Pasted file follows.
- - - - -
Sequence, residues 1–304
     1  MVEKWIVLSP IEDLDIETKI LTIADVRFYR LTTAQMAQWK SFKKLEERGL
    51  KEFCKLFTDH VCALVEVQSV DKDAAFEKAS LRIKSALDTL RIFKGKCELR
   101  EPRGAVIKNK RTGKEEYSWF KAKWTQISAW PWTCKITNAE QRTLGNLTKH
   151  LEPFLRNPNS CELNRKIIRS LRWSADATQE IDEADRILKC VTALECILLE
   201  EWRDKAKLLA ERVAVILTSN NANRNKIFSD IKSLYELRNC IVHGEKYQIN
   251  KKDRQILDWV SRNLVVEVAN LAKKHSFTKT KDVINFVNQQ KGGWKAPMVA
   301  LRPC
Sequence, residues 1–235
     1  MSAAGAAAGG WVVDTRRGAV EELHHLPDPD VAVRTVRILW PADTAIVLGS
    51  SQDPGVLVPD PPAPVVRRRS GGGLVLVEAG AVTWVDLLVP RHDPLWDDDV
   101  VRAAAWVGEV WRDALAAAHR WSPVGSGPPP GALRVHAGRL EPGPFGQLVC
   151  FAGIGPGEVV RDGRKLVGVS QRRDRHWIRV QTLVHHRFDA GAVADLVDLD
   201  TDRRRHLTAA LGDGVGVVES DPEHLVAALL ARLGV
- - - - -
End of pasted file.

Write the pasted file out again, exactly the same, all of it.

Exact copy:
Sequence, residues 1–304
     1  MVEKWIVLSP IEDLDIETKI LTIADVRFYR LTTAQMAQWK SFKKLEERGL
    51  KEFCKLFTDH VCALVEVQSV DKDAAFEKAS LRIKSALDTL RIFKGKCELR
   101  EPRGAVIKNK RTGKEEYSWF KAKWTQISAW PWTCKITNAE QRTLGNLTKH
   151  LEPFLRNPNS CELNRKIIRS LRWSADATQE IDEADRILKC VTALECILLE
   201  EWRDKAKLLA ERVAVILTSN NANRNKIFSD IKSLYELRNC IVHGEKYQIN
   251  KKDRQILDWV SRNLVVEVAN LAKKHSFTKT KDVINFVNQQ KGGWKAPMVA
   301  LRPC
Sequence, residues 1–235
     1  MSAAGAAAGG WVVDTRRGAV EELHHLPDPD VAVRTVRILW PADTAIVLGS
    51  SQDPGVLVPD PPAPVVRRRS GGGLVLVEAG AVTWVDLLVP RHDPLWDDDV
   101  VRAAAWVGEV WRDALAAAHR WSPVGSGPPP GALRVHAGRL EPGPFGQLVC
   151  FAGIGPGEVV RDGRKLVGVS QRRDRHWIRV QTLVHHRFDA GAVADLVDLD
   201  TDRRRHLTAA LGDGVGVVES DPEHLVAALL ARLGV